Significant conceptual and empirical work over the last 10 years highlight the importance of understanding and specifying the knowledge, skills, and other abilities (KSAs) that achievement test items elicit from examinees how those KSAs align along a latent proficiency continuum. This work includes evidence centered test design (e.g,. Mislevy & Haertel, 2006), item difficulty modeling (Gorin & Svetina, 2010), task modeling (Alves, Gierl, & Lai, 2010), cognitive diagnostic modeling (e.g., DiBello & Stout, 2007), aligning items and proficiency level descriptors (e.g., Schneider, Huff, Egan, Tully, & Ferrara, 2010), and in other areas. Further, this work suggests the need for coherent and comprehensive understandings of how examinees interact with test items and the controllable features of those items that elicit predictable interactions. In this study we examine several item coding frameworks to identify item response demands that may elicit targeted examinee knowledge, skills, cognitive processes, and other abilities. We define item response demands as knowledge, understanding, skills, and processes that an item requires a student to call on in order to respond fully or partially successfully to an item (Ferrara, Svetina, Skucha, & Murphy, 2009).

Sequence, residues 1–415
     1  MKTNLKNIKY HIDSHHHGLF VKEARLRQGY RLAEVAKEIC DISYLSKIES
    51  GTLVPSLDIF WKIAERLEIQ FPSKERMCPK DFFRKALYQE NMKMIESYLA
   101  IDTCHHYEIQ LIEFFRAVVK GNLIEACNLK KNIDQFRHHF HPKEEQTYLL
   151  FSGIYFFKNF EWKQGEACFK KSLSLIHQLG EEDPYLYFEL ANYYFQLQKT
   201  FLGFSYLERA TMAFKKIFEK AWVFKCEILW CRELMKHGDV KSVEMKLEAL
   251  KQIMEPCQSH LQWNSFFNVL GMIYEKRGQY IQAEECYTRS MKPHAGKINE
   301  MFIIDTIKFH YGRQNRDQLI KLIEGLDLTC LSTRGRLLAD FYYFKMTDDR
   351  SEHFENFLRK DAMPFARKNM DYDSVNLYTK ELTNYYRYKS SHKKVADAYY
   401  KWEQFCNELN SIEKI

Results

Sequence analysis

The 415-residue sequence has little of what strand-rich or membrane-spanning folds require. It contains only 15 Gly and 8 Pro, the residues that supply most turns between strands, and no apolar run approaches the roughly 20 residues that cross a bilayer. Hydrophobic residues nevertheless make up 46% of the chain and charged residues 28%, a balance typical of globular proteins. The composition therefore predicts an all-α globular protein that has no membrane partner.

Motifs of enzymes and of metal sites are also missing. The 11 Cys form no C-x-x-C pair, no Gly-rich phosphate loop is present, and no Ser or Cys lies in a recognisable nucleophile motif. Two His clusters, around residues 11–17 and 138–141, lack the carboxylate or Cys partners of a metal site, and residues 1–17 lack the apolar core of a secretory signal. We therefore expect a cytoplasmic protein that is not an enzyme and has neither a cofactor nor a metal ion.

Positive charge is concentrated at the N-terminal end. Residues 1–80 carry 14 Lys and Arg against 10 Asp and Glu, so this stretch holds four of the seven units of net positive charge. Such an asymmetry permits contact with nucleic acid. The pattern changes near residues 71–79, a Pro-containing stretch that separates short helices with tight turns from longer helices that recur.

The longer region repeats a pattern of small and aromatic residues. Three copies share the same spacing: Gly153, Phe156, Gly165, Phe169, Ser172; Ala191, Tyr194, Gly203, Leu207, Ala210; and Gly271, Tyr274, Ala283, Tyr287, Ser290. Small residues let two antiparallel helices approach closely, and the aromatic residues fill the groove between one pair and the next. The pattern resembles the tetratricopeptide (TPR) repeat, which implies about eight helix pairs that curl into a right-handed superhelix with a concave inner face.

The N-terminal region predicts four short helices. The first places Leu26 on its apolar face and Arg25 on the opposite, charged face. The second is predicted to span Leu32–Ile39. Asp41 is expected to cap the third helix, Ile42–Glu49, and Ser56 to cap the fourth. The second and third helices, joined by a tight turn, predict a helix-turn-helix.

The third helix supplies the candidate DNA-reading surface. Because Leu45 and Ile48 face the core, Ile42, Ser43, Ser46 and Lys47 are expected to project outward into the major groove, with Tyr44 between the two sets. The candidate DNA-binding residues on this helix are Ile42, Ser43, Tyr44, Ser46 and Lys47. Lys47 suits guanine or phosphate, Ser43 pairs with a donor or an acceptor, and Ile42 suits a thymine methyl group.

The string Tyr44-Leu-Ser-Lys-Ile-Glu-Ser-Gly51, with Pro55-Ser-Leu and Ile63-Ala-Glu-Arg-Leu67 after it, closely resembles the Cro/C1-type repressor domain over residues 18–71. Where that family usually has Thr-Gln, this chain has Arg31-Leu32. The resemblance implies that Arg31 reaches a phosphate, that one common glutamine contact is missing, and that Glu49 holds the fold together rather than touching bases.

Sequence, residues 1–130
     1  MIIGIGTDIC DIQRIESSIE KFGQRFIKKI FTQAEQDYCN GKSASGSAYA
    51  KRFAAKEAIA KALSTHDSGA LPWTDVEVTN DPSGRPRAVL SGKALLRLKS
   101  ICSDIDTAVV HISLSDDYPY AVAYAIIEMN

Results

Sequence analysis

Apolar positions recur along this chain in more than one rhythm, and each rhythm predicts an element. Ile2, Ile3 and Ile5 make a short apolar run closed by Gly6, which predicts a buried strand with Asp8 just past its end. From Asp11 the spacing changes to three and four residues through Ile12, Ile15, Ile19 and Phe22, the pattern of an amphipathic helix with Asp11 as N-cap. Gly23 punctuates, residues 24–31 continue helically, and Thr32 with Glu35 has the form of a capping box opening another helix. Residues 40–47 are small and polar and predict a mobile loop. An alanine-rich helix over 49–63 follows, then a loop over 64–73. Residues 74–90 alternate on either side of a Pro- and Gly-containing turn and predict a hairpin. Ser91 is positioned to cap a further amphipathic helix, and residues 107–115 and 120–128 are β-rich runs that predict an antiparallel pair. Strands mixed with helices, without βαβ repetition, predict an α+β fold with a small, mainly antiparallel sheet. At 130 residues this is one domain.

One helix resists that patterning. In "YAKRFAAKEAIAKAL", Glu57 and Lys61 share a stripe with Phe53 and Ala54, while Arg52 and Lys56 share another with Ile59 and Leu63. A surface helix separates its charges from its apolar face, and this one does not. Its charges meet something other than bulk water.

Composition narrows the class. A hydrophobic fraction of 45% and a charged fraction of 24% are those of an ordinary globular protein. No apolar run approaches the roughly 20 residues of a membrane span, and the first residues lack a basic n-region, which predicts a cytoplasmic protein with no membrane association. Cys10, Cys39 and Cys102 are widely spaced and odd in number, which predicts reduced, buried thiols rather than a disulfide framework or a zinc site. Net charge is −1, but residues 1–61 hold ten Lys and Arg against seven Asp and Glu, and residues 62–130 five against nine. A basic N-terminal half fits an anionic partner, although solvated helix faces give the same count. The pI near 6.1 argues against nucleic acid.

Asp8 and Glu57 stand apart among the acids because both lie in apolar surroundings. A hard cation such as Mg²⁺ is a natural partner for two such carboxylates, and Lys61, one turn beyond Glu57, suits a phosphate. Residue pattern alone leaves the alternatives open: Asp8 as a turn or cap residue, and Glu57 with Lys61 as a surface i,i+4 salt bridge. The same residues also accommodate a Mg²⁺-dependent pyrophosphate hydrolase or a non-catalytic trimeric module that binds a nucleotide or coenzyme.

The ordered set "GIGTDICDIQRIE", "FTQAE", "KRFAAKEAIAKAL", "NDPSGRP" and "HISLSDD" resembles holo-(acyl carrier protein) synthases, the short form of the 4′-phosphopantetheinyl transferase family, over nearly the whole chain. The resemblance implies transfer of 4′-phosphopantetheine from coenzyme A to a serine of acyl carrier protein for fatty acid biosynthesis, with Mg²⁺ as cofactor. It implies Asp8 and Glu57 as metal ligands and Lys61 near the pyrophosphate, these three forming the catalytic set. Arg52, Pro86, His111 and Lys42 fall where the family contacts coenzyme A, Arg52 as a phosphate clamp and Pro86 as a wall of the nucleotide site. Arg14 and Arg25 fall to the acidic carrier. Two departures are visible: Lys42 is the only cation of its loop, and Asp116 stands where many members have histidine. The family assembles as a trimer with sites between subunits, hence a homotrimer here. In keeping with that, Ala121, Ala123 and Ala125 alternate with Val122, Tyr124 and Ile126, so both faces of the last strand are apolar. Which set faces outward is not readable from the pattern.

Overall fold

We first describe each coding framework and then describe how we used the frameworks to code items in an assessment task from the Maryland School Performance Assessment Program (MSPAP) 2001 grade 8 science assessment. We then synthesize results from each of the coding frameworks into a coherent picture of the response demands of the items in the assessment task. In the discussion and conclusions section, we propose a broad framework for forming hypotheses about item response demands and evaluating and validating items; specifying items (including accurately predicting their empirical difficulty) and training item writers; and supporting inferences about examinee proficiency based on a collection of test items to identify proficiency status, determine achievement growth, and provide cognitive-diagnostic information.

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